Sharing today a good post for Monday morning – for encouragement! How is your “devotional life” going? Much of this post from The Blazing Center will no doubt ring true for you too:
If you could use one word to describe your current devotional life, what would it be? Mine would be “scraps”. So often I feel like all I can muster is a distracted scrap of devotion to God. For example, here’s what my Bible reading time often looks like:
Step 1: Open Bible. Pray that God would meet me as I read his word.
Step 2: Read diligently for thirty seconds, taking in at least three full sentences.
Step 3: Begin wondering if I’ll ever receive my tax refund, because it sure would come in handy right now.
Step 4: Feel guilty for being distracted. Try to “come back” into the presence of God (whatever that means).
Step 5: Repeat steps one and two plus additional prayer of repentance for being distracted.
Step 6: Begin thinking about my next killer blog post that will rock the blogosphere.
Step 7: Repeat steps 1, 4, and 5.
You get the point. It’s a constant battle against my sinful nature, which will seize on the slightest distraction. Many times I feel guilty instead of refreshed after doing my devotions. I feel like I didn’t pray enough, or with enough passion, or for enough people. And I certainly didn’t have enough love for God. My feeble scraps of devotion to God are pathetic, with a capital “pathetic”.
But God has been teaching me about devotional scraps lately. My devotion (probably too strong of a word) to God is nothing more than scraps, but God accepts, and even delights in those scraps. And when I get distracted, I don’t have to work my way back into God’s presence. I can come right back to God and experience full acceptance. Why? Because Jesus Christ is holding the door open. Always.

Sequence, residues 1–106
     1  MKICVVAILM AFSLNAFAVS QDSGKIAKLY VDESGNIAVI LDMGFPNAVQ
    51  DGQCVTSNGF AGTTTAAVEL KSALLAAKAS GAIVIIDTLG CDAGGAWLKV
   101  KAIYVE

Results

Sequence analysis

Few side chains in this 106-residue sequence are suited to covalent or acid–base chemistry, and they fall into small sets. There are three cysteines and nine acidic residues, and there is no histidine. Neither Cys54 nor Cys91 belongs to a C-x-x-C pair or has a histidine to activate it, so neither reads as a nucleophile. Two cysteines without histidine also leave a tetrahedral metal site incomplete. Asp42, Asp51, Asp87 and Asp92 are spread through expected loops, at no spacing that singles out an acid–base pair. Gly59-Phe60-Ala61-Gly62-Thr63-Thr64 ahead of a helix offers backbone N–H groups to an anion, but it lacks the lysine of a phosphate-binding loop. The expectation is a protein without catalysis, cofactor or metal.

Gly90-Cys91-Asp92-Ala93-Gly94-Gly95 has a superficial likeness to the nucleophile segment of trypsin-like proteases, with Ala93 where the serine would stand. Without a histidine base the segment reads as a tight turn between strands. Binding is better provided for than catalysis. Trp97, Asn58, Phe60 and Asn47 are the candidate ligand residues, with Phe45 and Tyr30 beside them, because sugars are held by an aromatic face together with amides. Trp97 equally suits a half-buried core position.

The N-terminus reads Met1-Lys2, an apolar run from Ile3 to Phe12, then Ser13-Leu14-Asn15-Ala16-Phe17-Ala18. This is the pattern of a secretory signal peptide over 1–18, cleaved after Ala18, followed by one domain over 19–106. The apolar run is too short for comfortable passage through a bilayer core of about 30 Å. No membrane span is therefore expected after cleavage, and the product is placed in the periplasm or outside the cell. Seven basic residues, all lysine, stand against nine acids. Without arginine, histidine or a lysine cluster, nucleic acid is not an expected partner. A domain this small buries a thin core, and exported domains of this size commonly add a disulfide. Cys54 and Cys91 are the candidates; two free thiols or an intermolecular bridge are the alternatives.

God’s love for me has nothing to do with my devotion and everything to do with Christ’s perfect devotion. Jesus was passionately devoted to God. He didn’t offer any scraps, he offered perfect obedience and love. And then his life ended. Abruptly. Brutally.
Now his righteousness is mine, and he perfects my feeble scraps of devotion and presents them to God. God loves Jesus, which means God loves me, end of story. The door to God is held open by the cross.
So yes, my worship is nothing more than scraps. But to God, they’re delightful scraps, made perfect by his son. How freeing this truth is. Today let’s throw aside any hope we have in our scraps of devotion and place all our hope in Christ. True devotion to God starts at the cross.
Can you relate to my feeling of devotional scraps?